'O'Hara is the only American writer to whom America presents itself as a social scene in the way it once presented itself to Henry James, or France to Proust' The New York Times
When the beautiful, imperious and moneyed Grace Caldwell Tate wants something she goes after it, men included. Her affair scandalises Pennsylvania's elite and she must face the costs to her marriage and the man she really loves.
A bestseller on publication in 1949, A Rage to Live is a candid tale of idealists and libertines, tradesmen and crusaders, men of violence and goodwill, and women of fierce strength and tenderness.
A man who knows exactly what he is writing about and has written it marvellously well
O'Hara occupies a unique position...He is the only American writer to whom America presents itself as a social scene in the way it once presented itself to Henry James, or France to Proust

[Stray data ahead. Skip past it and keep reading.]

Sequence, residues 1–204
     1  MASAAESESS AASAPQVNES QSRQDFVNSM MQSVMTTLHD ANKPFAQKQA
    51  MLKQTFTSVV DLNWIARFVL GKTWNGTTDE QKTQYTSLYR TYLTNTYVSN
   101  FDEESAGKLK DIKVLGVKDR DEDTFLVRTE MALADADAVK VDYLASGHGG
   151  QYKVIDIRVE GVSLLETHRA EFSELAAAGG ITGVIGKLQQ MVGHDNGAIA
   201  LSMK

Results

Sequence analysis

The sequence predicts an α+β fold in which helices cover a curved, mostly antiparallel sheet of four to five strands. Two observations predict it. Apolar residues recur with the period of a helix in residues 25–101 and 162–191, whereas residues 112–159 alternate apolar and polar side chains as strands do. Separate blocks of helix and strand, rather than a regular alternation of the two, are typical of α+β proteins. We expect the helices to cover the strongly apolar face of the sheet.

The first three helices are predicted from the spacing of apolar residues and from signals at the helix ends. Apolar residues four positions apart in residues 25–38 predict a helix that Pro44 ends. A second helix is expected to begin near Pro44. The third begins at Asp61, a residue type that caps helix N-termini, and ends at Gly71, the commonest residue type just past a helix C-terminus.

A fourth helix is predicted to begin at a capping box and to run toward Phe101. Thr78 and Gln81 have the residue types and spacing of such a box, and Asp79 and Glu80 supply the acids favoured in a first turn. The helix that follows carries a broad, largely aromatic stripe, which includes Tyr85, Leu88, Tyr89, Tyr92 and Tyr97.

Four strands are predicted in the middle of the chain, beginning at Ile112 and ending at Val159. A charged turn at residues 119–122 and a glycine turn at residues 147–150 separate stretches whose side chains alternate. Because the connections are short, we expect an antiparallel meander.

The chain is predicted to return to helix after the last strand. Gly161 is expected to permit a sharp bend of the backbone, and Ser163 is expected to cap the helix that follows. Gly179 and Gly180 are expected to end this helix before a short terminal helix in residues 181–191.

O'Hara understood better than any other American writer how class can both reveal and shape character
A fascinating character study by one of America's most underrated storytellers, but there are other rewards as well. O'Hara's dialogue is unerringly authentic and his narrative passages as graphic as a photograph
His ear for dialogue is legendary, and he evoked New York cabbies, Hollywood producers and cheap hoods like Pal Joey as easily as he did Park Avenue socialites... Few authors today write convincingly of matters involving public life and private morality - they tend to do one or the other. But O'Hara could intertwine them in a five-page sketch or an 800-page epic.